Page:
Member Spotlight: KellyAnn Nelson and Christopher Eanes & the Young Professionals Choral Collective, Cincinnati
Many young professionals lose the choral experience they loved in school. KellyAnn Nelson and Christopher Eanes hit on a surefire draw: Invite 20- and 30-somethings to rehearse and perform in a local bar.
Chorus America’s Kelsey Menehan talks with the couple about their latest venture.
How did you come up with the idea for the Young Professionals Choral Collective?
KellyAnn: Chris was sitting on the advisory committee for the World Choir Games and they asked him, how do you engage young professionals? We started talking about how cool it would be to have a place where people in their 20s and 30s could sing. So in the fall of 2011 we just decided to try it out. We thought we would just get 15 to 20 singers. Well, we have 100 singers now.
Were you surprised at the turnout?
KellyAnn: It’s been amazing. People were looking for a place to sing and connect with other people and to find out about the cool new restaurants. Our first concert was on Valentine’s Day in a bar located in a part of town called Over-the-Rhine. That’s an historic district that is being revitalized through the arts.
We called the concert “Sin and Tonic.” We performed English madrigals that were a little dirty, like “Come Again, Sweet Death,” and told about what the “sweet death” really was! We did French chanson about jealousy and Appalachian folk songs about love. There was no ticket charge. It was just come in and sing and support the bar—the Below Zero Lounge—and give a donation if you want. We had 160 people come.
What was the response from those who came and listened?
Afterward people came up and said, “I never thought I would have a spiritual experience in a bar.” People were able to laugh and cry and connect to the story in the songs. And when the concert ended everybody stayed. There were audience members in their 60s and 70s and folks in their 20s who would never have gone to a choral concert if their friend had not been singing in a bar and they could drink a beer while they listened. It was a great community event.
What is the theme for your next concert?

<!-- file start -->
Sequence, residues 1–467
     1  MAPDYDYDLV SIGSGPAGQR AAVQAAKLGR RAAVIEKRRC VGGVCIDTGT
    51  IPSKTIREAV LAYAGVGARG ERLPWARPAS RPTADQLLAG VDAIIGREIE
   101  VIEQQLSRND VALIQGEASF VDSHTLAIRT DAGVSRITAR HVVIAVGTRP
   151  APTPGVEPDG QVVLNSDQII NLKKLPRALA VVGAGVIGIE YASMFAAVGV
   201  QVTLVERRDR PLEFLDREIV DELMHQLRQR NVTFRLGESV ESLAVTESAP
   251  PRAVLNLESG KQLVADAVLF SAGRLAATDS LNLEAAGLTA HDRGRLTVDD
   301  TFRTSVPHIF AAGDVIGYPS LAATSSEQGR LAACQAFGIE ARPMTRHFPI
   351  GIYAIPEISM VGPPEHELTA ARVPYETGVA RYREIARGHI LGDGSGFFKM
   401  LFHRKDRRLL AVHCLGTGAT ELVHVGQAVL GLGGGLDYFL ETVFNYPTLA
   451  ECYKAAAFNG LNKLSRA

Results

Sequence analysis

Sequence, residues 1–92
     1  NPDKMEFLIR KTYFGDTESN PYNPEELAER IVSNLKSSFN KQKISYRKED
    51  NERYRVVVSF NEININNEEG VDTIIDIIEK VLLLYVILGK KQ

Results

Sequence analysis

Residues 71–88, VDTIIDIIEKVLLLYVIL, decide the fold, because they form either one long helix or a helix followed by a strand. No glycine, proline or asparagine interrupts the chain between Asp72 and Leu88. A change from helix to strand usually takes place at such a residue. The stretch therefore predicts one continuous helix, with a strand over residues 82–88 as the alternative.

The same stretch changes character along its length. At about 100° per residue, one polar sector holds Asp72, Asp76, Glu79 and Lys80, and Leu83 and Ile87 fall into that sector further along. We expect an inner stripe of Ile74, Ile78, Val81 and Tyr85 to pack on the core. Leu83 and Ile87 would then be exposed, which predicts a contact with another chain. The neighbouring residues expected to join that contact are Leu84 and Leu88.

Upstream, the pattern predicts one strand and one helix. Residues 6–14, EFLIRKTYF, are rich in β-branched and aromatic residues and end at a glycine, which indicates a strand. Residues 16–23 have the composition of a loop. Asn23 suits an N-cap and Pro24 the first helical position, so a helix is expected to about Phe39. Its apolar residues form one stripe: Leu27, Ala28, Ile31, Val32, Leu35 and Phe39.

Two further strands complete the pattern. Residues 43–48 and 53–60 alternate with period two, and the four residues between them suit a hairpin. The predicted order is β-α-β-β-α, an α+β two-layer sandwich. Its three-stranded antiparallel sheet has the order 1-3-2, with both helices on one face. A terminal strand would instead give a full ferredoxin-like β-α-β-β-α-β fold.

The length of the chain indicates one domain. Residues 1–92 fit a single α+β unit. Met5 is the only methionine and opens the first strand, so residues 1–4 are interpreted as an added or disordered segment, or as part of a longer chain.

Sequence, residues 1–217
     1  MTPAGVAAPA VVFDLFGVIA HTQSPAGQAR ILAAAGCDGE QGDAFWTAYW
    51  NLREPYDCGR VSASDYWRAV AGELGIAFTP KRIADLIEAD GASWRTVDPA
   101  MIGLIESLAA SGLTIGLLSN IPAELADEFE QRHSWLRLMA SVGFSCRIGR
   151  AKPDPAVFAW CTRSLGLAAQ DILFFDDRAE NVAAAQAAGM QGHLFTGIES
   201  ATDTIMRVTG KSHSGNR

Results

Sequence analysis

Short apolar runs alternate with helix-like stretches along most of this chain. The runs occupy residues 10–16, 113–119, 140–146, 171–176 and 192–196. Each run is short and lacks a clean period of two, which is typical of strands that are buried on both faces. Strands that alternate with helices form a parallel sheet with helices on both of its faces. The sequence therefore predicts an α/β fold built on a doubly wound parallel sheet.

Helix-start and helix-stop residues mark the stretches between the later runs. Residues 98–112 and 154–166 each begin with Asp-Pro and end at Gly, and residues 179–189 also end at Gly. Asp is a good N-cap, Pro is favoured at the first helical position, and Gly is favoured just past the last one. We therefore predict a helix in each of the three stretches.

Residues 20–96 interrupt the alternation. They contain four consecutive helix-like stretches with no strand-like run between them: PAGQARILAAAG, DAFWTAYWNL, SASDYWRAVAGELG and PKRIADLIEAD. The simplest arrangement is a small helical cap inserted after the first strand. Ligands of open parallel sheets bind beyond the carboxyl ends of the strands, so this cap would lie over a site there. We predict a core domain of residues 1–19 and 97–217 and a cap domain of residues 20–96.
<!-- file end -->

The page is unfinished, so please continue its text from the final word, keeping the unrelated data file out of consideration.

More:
KellyAnn: Our next concert is called “In Vino Veritas” and will be at Memorial Hall, a beautiful 100-year-old theater that is coming back to life. A local restaurant, 1215 Wine Bar & Coffee Lab, is providing wine and a sommelier to do wine tasting during the concert. We will sing South African and Italian music while the audience tastes South African and Italian wines.
It seems that singing in these “nontraditional” spaces is quite a draw.
Chris: The singers tell us that they are excited that there is a place to sing that is not affiliated with a church and that is not the big time commitment of a major symphony chorus. We do our concerts in cycles, so the singers can work it into their schedules. So out of our 100 singers, some 40 were available to rehearse for the first concert cycle and 60 for the second. The singers can come in and out as they need to, because they have busy lives. Approaching attendance this way has made the singers a lot happier.
It turns out that young professionals are already interested in choral music. They just want a forum in which they can experience it on their own terms. We live in a generation when you can do everything from your house and you don’t have to go outside your comfort zone. So in a sense we are providing a really safe and easy environment for people to participate.
One of our goals is that our singers will use this as a steppingstone and begin to engage with other choral and arts opportunities. And we see that happening already. We partnered with the Cincinnati May Festival, a week-long celebration of the Cincinnati Symphony that just ended. They have provided us some funding to get us off the ground. And we did some singing for them before and after their major concerts during the festival.
KellyAnn: The major arts organizations want to engage young people but often it is to get them to be audience members or donors. That’s not necessarily a way we can contribute right now. We want to be involved and we want to produce the art. The partnership with the May Festival allowed us to do that.
In addition to managing the Young Professionals Choral Collaborative, you both work with the Cincinnati Boychoir—Chris as artistic director, and KellyAnn as director of education and outreach. How has Chorus America been helpful to you?
Chris: Chorus America has been a great resource, both in figuring out how to run this crazy thing that we do, but also the advocacy that Chorus America provides us. The publications, like the school choir advocacy guide, are on the ground and very useful. And Chorus America’s Conferences are great fun. I am one of those people who goes to conferences being a little skeptical about what I am going to get out of it. We walked away from Chorus America’s Conference last year with several really great ideas that we are implementing.
KellyAnn: I am interested in not only the artistic product but in the business side of things, in bringing things to fruition. When I left college, I thought music was an academic thing. What Chorus America really understands is that so much of this great musicmaking is happening in other ways. It offers both the artistic and the administrative tools that we need to be successful.
Young Professional’s Choral Collaborative